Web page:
She appears in ads for Lane Bryant.
Smith drops the lawsuits in Texas. She has to testify in a countersuit by Pierce, who accuses Smith of interfering with his inheritance. In March, a Texas jury says that J. Howard Marshall knew what he was doing when he revised his will. Later, the LA bankruptcy court judge tosses out that ruling.
The bankruptcy case goes to federal court in Santa Ana, Calif., on an appeal.
In January, U.S. District Judge David Carter urges both sides to settle outside court. No agreement can be reached.
In March, the court awards Smith $88 million, half in punitive damages. Pierce says he will appeal. A U.S. appeals panel later throws out the ruling, saying Carter did not have jurisdiction.
In August, E! network starts airing The Anna Nicole Show. The last episode airs June 2003.
Shows off new body in a cable-TV special in February and credits weightloss to TrimSpa, a pill she is paid to endorse. She also makes appearances at Fashion Week in New York that same month.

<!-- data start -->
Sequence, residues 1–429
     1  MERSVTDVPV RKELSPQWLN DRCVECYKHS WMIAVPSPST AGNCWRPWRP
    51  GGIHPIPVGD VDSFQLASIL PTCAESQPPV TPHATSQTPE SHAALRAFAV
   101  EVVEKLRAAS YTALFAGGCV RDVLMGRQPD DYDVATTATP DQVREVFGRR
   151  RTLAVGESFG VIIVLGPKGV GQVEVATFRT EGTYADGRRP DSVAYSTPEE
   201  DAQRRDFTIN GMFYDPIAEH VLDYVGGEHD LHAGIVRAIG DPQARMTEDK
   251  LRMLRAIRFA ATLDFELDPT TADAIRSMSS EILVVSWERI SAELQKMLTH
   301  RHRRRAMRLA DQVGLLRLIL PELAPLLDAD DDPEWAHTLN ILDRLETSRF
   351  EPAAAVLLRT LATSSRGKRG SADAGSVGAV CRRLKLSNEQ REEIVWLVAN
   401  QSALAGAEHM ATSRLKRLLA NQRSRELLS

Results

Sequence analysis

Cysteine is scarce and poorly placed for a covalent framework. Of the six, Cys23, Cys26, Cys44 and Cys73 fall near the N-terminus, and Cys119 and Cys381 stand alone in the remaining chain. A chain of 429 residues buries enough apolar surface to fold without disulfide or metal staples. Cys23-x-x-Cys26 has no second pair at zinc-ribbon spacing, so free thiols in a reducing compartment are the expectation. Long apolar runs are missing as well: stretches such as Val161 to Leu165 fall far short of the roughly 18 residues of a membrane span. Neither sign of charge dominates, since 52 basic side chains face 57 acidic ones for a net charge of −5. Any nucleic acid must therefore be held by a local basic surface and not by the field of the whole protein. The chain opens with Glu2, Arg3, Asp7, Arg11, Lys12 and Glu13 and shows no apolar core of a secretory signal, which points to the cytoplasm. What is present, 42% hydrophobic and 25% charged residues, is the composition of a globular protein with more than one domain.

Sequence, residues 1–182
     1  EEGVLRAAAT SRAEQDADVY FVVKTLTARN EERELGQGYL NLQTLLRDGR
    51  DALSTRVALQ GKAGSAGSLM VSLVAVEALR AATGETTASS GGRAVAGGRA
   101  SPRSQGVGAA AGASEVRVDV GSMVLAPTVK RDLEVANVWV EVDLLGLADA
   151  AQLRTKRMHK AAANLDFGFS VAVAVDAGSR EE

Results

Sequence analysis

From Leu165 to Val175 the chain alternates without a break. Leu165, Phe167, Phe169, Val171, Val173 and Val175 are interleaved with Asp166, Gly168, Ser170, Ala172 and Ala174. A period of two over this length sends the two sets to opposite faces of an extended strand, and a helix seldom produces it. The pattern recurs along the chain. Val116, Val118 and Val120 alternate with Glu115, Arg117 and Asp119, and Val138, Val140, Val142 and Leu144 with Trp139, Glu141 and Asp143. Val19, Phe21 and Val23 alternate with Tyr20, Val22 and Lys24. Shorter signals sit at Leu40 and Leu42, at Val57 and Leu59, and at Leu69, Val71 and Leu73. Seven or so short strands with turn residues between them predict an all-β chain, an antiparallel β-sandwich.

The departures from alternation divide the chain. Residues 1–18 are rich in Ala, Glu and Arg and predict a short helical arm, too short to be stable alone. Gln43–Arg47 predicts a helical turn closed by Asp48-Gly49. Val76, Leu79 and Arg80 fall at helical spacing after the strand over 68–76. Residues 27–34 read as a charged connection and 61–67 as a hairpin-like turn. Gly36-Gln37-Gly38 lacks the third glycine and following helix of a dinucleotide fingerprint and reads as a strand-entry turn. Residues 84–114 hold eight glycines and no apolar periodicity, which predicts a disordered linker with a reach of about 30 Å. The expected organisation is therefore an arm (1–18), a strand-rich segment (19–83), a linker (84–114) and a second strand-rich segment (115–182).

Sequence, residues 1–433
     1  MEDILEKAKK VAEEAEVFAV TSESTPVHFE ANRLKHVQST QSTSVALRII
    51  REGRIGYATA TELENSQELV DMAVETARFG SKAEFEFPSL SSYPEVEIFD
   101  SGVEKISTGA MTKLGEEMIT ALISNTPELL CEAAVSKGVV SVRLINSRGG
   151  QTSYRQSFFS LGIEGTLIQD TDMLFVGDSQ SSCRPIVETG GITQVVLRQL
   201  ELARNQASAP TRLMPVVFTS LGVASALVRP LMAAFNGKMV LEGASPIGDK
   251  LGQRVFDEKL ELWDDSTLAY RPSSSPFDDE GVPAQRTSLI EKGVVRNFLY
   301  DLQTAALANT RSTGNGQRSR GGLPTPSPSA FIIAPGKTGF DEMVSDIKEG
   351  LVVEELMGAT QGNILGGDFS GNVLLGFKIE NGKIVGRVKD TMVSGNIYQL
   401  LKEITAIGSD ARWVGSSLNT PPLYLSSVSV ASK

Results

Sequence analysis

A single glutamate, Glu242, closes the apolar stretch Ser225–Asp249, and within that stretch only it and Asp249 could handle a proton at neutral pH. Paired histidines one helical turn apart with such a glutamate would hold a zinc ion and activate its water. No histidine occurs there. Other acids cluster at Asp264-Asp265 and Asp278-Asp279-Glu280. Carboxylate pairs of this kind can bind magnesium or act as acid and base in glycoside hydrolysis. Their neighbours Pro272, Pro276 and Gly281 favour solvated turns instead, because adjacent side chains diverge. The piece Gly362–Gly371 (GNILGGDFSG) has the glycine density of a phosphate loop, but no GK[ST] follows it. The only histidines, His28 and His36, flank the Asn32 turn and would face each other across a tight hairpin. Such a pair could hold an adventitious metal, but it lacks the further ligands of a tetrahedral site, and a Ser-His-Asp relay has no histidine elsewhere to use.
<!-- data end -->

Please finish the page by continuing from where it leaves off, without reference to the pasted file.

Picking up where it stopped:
In September, the U.S. Supreme Court agrees to hear the case of Marshall vs. Marshall. Smith is listed in court filings as Vickie Lynn Marshall
Smith's case is argued at the Supreme Court.
The Supreme Court agrees with Smith's attorneys, and the case goes back to the 9th Circuit for more hearings.
Smith announces she is pregnant. She does not name the father or the due date.
She gives birth to daughter Dannielynn in Nassau, Bahamas.
Her son, Daniel, 20, is found dead in the same hospital room where Smith is recovering from her delivery. The Bahamian coroner's office calls the death "suspicious."